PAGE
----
For the sole and inevitable purpose that their work sees the light, artists / authors often have to deal with unscrupulous executives or businessmen whose little knowledge and interest in art is inversely proportional to what they have for the constant increase in their profits. This does not happen when the person in charge is an entrepreneur with a passion for art and popular culture. This is the case of editor Paul Burke, who for more than forty years has not only continued to prioritize quality over quantity, but has also always sought to transfer the playful side of art to his own work.
In the 1980s, as founder and president of Stabur Graphics, a company specialized in the publication of limited edition prints by leading illustrators and cartoonists such as Will Elder, Kelly Freas and Jean “Moebius” Giraud, Burke vigorously promoted the art/pop culture binomial. His persistent determination led him to devise a project that became a milestone in graphic art: “Voice for Children” (1986), a collaborative work involving some of the most relevant artists of the time. Important creators such as Charles M. Schulz (“Snoopy”), Stan Lee (“Spider-Man”), Walter Lantz (“The Crazy”), Hank Ketcham (“Daniel the Mischievous”), Jim Davis (“Garfield”), and Sergio Aragonés (“Mad”), among many others, contributed with their most iconic characters. The end result was a drawn orchestra, which then marketed as art print with the purpose of raising funds for the Child Welfare League of America (Child Welfare League of America). The work devised by Burke might as well have held a place in the “Guinness Book of Records” as it was the largest collaboration between artists from the comic world, it included the first appearance together of both Walt Disney characters (drawn by Jack Hannah) and Walter Lantz’s. Its realization required an unusual number of licenses, however, the definitive consolidation during the first stage of his career came a year later when he gave life to his publishing company Stabur Press, responsible for launching books by prominent North American artists such as Jack Davis’ “Some of My Good Stuff”, “The King of Pin-Up Art” by Earl MacPherson, or those dedicated to “The Rocky Horror Picture Show” by Sal Piro (Burke was even involved in organizing the film’s anniversary parties). In the early 1990s, with the incorporation of Stabur Corporation into the home video business, the busy publisher produced the documentary series “The Comic Book Greats” (1991), conceived by his friend Stan Lee, who in each episode commissioned to interview the greatest cartoonists of the moment. Among them, Todd McFarlane (creator of “Spawn”), with whom Burke started a new professional relationship, as co-founder and CEO of McFarlane Toys, the company that stirred up the action figure market. At the same time, he put a new spin on his old Stabur publisher, merging it with Caliber Comics, a leading one in its field, which belonged to writer Gary Reed. Together they also decided to explore a new market by creating in 2014, Deadworld Zombie Soda, a premium beverage line inspired by the 80s comic that Reed had written for. The innovative advertising campaigns with actors characterized as living dead and hiding in stores, provided the necessary amount of entertainment to the project.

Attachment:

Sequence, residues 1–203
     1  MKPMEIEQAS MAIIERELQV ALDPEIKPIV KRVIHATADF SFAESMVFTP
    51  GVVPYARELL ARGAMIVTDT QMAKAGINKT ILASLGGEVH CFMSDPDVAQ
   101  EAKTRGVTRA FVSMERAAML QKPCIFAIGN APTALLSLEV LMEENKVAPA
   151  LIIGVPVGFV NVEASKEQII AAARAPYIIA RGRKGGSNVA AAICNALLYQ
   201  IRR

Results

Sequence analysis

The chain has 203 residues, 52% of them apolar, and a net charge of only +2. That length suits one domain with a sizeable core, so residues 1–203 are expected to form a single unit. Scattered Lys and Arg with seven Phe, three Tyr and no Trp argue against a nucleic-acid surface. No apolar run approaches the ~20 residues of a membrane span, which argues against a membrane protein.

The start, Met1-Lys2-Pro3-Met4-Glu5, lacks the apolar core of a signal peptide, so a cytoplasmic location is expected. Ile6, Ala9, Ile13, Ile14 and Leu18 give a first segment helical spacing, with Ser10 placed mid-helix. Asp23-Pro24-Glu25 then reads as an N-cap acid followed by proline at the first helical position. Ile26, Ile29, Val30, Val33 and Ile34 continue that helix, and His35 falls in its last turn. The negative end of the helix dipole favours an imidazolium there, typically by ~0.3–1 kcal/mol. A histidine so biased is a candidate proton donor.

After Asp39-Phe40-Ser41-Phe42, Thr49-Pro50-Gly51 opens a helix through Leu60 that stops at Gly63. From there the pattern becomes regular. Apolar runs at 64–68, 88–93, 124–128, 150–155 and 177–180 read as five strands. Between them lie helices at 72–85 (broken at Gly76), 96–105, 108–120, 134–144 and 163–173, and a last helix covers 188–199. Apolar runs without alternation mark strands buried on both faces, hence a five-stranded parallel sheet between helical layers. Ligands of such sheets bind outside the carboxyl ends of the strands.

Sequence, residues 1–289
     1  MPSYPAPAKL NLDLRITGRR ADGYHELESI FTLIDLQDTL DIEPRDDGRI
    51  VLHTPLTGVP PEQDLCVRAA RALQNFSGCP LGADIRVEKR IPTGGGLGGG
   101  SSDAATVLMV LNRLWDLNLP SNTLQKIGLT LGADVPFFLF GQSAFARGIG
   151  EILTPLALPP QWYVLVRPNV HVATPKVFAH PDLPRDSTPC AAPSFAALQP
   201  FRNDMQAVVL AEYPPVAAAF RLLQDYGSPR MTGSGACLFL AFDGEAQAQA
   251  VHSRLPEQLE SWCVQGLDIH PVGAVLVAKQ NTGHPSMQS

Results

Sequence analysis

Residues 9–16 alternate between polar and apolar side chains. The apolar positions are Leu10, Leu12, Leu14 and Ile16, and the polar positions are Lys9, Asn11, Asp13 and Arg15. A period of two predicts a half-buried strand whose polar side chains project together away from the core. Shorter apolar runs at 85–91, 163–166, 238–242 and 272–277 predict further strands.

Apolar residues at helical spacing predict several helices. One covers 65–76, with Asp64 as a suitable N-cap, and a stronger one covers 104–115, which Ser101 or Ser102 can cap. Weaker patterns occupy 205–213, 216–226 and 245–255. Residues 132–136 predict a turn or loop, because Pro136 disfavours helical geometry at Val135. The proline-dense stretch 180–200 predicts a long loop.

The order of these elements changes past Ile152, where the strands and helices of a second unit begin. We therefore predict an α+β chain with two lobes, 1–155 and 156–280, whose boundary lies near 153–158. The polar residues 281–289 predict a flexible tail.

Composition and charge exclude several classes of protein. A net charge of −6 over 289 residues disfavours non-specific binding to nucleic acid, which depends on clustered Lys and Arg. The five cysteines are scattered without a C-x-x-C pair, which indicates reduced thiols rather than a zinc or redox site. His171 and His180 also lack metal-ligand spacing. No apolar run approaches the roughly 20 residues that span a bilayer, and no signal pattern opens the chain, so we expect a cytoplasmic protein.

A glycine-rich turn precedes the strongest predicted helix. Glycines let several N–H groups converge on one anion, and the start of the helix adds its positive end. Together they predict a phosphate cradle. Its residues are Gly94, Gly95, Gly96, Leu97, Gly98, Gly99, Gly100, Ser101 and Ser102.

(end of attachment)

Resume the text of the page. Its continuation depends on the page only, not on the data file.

After a period on which he successfully continued to conquer new creative horizons (he co- founded an automotive design and fabrication company), in 2017 he returned to his former role as a book and art print publisher, thanks to his new venture, Asylum Publications.
For a man who has dedicated his life to pleasing artists, collectors and fans of graphic art around the world, it is not surprising that the first releases of his most recent publishing company, are books dedicated to tell the story (through photographs and testimonials) of his former companies. For some it could be a well-deserved self-tribute, although it is rather the proof of a job well done. For others, this can then be seen as the logical coda of his career. But the truth is that as long as his work remains the subject of celebration, there is no reason to change its host.
What can you tell me about your early involvement in the music business?